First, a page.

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Shea dispels NYPD no-knock warrant myths, has eye on possible Chauvin trial protests in NYC

Commissioner Dermot Shea on April 15th.
Photo by Dean Moses

On Thursday morning Police Commissioner Dermot Shea discussed everything from no-knock warrants to the trial of Derek Chauvin and robotic police dogs.

A press conference was called at 11 a.m. within the bowels of One Police Plaza in hopes of “setting the record straight” regarding the use of search warrants throughout the city, but with tensions once again mounting between officers and the public, the topic of conversation was swiftly broadened.

Top cop Shea began by stressing the importance of executing search warrants, especially with both NYPD officers and citizens alike facing an increased surge in gun violence. Shea says the police department has had a 60% increase in gun arrests when compared to last year, which he credits search warrants as a vital tool. Still, Shea also emphasized that he feels as though search warrants have been misrepresented. In an effort to ease the public’s concern, police officials exhibited the way in which they carry out these warrants and what they hope to prevent by doing so.

“No-knock warrants are a critical tool that NYPD uses. To keep narcotics off the streets and to seize illegal firearms. It’s also critical for the safety of all New Yorkers and NYPD officers to be known and seen in these situations,” said Chief of Department Rodney K. Harrison, who began to dispel myths regarding no-knock warrants.

Chief of Department Rodney K. Harrison speaks on warrants. Photo by Dean Moses

He first explained that despite the name, no-knock, this does not mean that no announcement is made prior to entry into a home, highlighting that NYPD protocol is to always announce their presence and no-knock means that they do not have to wait for someone to open the door to let them into the premises. Harrison likewise stated that officers conduct background checks to identify the appropriate induvial and location, as well as NYPD officers being trained in initiating these no-knock warrants.

Harrison also announced that these situations require meticulous planning.  Last year, approximately 1,815 warrants were approved by NYC courts, which lead to the search and seizure of 792 firearms and 667 times narcotics were recovered. There were only 40 incidents where no evidence was found.  

A graphic video taken on Feb. 16th was shown of a suspect and known member of the Chase Gang named John Whitmore-Wright shooting a woman, Sabrina Santiago, in the head during a domestic dispute. The gunman had been on NYPD’s radar after local complaints. Detectives gathered intel on drug exchanges and the presence of firearms in order to implement a search warrant in Far Rockaway. Officers used this footage to exhibit the level of danger involved with the individuals officers encounter after obtaining probable cause to initiate a search warrant, police officials hope New Yorkers feel more at ease with their work in this field.

In addition, Shea also spoke on his disappointment with recent protests and graffiti calling for the death of NYPD officers.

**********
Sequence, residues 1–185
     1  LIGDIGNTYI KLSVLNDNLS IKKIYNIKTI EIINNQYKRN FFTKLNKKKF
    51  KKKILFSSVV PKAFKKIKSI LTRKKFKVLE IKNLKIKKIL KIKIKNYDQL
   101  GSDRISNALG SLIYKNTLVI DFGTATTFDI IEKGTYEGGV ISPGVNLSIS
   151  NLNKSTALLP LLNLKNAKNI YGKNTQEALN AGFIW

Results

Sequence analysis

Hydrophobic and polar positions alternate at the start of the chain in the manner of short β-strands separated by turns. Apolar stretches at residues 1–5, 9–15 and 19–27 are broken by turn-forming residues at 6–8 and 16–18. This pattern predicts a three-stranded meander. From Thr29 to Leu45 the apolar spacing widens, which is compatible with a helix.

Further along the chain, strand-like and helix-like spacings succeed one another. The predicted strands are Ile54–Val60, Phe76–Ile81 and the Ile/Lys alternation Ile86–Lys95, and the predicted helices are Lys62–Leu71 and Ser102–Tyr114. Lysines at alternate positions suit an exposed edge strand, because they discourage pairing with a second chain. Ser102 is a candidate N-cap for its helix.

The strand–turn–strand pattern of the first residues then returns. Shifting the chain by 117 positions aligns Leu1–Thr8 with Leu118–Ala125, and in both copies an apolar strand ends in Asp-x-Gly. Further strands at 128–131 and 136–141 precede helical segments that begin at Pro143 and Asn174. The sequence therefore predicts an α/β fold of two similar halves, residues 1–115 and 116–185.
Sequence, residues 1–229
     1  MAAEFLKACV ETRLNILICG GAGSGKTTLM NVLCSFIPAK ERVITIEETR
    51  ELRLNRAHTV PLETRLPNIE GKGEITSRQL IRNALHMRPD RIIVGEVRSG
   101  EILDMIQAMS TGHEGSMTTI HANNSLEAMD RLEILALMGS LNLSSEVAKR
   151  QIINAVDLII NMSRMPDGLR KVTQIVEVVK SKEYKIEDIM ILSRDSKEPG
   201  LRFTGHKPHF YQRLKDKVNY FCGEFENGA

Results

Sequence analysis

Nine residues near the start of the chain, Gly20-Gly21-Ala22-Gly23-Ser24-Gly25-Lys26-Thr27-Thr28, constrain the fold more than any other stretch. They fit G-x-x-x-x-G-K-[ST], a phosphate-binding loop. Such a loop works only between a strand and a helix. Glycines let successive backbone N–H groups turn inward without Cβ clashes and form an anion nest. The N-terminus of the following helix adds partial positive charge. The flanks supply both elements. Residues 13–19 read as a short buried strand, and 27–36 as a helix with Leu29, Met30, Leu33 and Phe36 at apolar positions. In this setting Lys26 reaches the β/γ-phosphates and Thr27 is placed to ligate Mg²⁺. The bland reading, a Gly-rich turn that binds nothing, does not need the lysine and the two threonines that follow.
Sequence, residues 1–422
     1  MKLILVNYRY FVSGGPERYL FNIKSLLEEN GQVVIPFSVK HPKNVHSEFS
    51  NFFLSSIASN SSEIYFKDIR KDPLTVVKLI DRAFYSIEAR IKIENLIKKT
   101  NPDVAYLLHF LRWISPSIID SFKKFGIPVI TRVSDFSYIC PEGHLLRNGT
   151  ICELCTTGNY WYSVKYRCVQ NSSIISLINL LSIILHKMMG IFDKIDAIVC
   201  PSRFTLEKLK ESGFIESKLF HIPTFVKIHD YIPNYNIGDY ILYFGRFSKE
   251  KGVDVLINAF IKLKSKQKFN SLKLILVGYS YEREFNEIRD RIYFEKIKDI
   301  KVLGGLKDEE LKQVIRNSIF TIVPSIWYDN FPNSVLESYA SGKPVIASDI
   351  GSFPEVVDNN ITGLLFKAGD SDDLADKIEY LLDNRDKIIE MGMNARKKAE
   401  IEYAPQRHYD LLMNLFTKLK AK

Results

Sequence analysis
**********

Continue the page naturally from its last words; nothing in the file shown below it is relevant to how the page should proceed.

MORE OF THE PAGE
“You had an incident on 77th Street and 5th to Madison last night where a number of arrests were made. You had windows broken, you had people’s private cars graffitied, you had people spray-painting kill cops… kill cops. This is why we have memorials for cops because words matter and spreading hate,” Shea said, reminding the media that last week he and community groups volunteered to paint over graffiti to clean up New York City.

video taken on Feb. 16th was shown of a suspect and known member of the Chase Gang named John Whitmore-Wright shooting a woman. Photo by Dean Moses

Shea did not mince his words when he called those vandalizing the streets with a “call for the assassination of cops” as knuckleheads.

“I’m past asking and demanding at this point. They need to go to jail. They need to be held accountable. They were arrested for misdemeanors,” Shea said, adding “They cannot not be prosecuted. We are going to following these arrests and demand, a misdemeanor in New York State you are eligible for up to a year in jail, well I can’t think of anyone who deserves a year in jail better than them,” Shea said.

On the topic of protests, Shea said the NYPD is preparing for the possibility of further protests upon the verdict delivery within the Derek Chauvin trial in Minnesota. With this on the horizon, Shea believes that the extent of the looming protests hinges on the verdict.

“We like everyone else, like the whole country, whether you’re in law enforcement or not, is kind of watching with bated breath to what comes out of that trial. I certainly hope justice is served. But we have to be prepared for anything in the law enforcement world,” Shea said.

He shared that the Strategic Response Group (SRG) has received several recommendations since last year and implementing tactic changes. He feels confident in his preparations going forward into the trial decision.

The recent use of a robotic dog on the scene of a disturbed man barricaded in his Kips Bay Apartment was also mentioned. While Shea did not want to get into detail regarding the Digidog, he did respond to accusations on this technology being a waste of funds.

“I think it’s important how we spend our money. We certainly also worry about our bomb jobs going in and keeping people safe and hostage jobs. So, we will evaluate this. It’s important to say that we did not purchase this. But we have currently technology such as robots this is another option. We are in the evaluation phase and we will go from there,” Shea said.  

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